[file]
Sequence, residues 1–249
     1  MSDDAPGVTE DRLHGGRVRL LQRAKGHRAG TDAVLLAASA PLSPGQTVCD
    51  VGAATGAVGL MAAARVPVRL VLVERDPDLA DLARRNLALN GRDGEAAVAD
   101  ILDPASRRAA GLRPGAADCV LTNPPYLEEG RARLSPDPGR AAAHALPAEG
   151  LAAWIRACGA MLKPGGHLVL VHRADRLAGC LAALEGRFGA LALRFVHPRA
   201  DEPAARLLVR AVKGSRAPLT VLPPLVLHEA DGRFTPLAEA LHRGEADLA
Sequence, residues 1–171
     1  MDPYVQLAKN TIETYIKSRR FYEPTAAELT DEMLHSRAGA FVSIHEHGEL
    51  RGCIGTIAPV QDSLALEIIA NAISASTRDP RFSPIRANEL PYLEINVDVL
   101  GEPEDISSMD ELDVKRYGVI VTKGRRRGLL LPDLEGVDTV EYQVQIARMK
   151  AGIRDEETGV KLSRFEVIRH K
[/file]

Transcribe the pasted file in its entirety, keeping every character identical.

Sequence, residues 1–249
     1  MSDDAPGVTE DRLHGGRVRL LQRAKGHRAG TDAVLLAASA PLSPGQTVCD
    51  VGAATGAVGL MAAARVPVRL VLVERDPDLA DLARRNLALN GRDGEAAVAD
   101  ILDPASRRAA GLRPGAADCV LTNPPYLEEG RARLSPDPGR AAAHALPAEG
   151  LAAWIRACGA MLKPGGHLVL VHRADRLAGC LAALEGRFGA LALRFVHPRA
   201  DEPAARLLVR AVKGSRAPLT VLPPLVLHEA DGRFTPLAEA LHRGEADLA
Sequence, residues 1–171
     1  MDPYVQLAKN TIETYIKSRR FYEPTAAELT DEMLHSRAGA FVSIHEHGEL
    51  RGCIGTIAPV QDSLALEIIA NAISASTRDP RFSPIRANEL PYLEINVDVL
   101  GEPEDISSMD ELDVKRYGVI VTKGRRRGLL LPDLEGVDTV EYQVQIARMK
   151  AGIRDEETGV KLSRFEVIRH K